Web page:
Observation, especially when people are directly involved, is a form of surveillance, and this raises ethical issues. The biologist Humberto Maturana eloquently discusses this in relation to observing systems—how do we feel about what we observe? This is one of the most important points—if you take anything away from this article, remember the importance of quality, not quantity. Observation isn’t simply counting things. “Systems thinking,” Meadows writes, “has taught me to trust my intuition more and my figuring-out rationality less, to lean on both as much as I can, but still to be prepared for surprises.”
The Coronavirus pandemic has developed and spread very quickly, leaving little time for reflection or analysis. Meadows advises looking at the history of a system; as Covid-19 is a new virus, scientists have wisely been looking to related viruses and historical outbreaks. Starting with history, she says, “discourages the common and distracting tendency we all have to define a problem not by the system’s actual behavior, but by the lack of our favorite solution.”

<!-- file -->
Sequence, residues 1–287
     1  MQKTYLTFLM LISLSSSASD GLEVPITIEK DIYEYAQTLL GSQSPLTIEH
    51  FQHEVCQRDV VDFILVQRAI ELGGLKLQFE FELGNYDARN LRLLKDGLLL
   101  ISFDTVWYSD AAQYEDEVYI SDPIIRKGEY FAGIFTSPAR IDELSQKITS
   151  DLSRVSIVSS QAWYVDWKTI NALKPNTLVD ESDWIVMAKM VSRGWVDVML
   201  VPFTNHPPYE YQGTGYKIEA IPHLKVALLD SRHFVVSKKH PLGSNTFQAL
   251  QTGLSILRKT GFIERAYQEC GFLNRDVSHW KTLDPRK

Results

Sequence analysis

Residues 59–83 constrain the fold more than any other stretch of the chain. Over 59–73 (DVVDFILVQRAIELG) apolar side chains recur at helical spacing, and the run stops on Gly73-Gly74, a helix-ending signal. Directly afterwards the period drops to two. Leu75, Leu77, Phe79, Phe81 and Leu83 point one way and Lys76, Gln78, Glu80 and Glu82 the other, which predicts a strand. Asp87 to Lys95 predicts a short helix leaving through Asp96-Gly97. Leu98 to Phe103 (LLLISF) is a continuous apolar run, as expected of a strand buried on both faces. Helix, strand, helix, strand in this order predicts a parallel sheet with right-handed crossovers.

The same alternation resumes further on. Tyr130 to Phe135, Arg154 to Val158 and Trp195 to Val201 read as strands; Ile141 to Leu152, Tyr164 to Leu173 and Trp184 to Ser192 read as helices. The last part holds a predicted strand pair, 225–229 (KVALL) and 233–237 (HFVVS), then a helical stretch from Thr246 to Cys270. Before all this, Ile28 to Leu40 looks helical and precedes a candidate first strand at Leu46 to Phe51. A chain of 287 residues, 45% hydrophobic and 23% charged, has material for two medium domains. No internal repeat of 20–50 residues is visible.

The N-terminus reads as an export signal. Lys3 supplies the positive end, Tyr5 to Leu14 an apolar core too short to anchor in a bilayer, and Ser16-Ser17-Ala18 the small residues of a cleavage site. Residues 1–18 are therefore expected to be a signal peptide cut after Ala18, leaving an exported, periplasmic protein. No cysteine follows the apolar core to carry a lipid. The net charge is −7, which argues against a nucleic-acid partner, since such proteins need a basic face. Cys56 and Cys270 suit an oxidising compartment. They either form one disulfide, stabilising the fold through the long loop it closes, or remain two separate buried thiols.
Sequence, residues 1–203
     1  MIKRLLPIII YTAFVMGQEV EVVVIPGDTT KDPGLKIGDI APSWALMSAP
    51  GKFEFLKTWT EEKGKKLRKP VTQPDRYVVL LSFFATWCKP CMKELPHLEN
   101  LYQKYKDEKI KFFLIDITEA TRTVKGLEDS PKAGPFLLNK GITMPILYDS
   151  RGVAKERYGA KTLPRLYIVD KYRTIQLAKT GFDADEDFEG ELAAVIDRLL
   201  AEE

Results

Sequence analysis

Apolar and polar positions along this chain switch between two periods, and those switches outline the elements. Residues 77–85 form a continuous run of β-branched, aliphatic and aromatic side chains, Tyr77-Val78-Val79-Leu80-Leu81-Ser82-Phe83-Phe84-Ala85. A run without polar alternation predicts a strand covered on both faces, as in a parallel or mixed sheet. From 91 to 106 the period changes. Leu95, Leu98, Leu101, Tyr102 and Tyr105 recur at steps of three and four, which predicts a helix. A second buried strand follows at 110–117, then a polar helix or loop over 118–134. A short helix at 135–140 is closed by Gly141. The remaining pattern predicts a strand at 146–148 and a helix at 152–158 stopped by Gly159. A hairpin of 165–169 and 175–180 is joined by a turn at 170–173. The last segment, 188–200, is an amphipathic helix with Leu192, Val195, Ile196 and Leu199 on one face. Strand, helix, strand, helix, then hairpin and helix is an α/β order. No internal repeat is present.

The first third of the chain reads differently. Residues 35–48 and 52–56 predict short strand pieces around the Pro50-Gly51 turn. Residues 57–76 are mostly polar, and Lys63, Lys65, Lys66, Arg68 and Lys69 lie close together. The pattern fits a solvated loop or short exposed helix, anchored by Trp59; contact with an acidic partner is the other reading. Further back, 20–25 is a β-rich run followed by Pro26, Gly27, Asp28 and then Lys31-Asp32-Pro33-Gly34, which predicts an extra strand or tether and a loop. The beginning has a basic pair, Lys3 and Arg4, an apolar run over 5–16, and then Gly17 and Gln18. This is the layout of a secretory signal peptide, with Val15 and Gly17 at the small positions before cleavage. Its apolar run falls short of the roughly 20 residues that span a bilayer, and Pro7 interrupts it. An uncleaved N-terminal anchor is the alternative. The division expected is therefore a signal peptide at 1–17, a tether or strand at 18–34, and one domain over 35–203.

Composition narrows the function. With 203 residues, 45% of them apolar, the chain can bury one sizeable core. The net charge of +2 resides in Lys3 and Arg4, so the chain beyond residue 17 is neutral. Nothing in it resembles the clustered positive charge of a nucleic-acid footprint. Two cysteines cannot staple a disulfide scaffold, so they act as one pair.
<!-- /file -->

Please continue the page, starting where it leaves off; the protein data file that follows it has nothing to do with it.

And observing how the outbreak has developed also shifts focus from disease as object to disease as process: “Starting with the behavior of the system directs one’s thoughts to dynamic, not static analysis–not only to ‘what’s wrong?’ but also to ‘how did we get there?’ and ‘what behavior modes are possible?’ and ‘if we don’t change direction, where are we going to end up?’”
2. Listen to the wisdom of the system
Listen to your body—it’s not just you speaking. The human body contains more nonhuman cells than human ones. You are a system—indeed one composed of sub-systems for circulation, digestion, etc. Your immune system is closely tied to your identity, constantly figuring out what is part of you and what is not . What happens if we apply this to social systems, countries, the global climate? “Don’t be an unthinking intervener and destroy the system’s own self-maintenance capacities,” says Meadows. “Before you charge in to make things better, pay attention to the value of what’s already there.”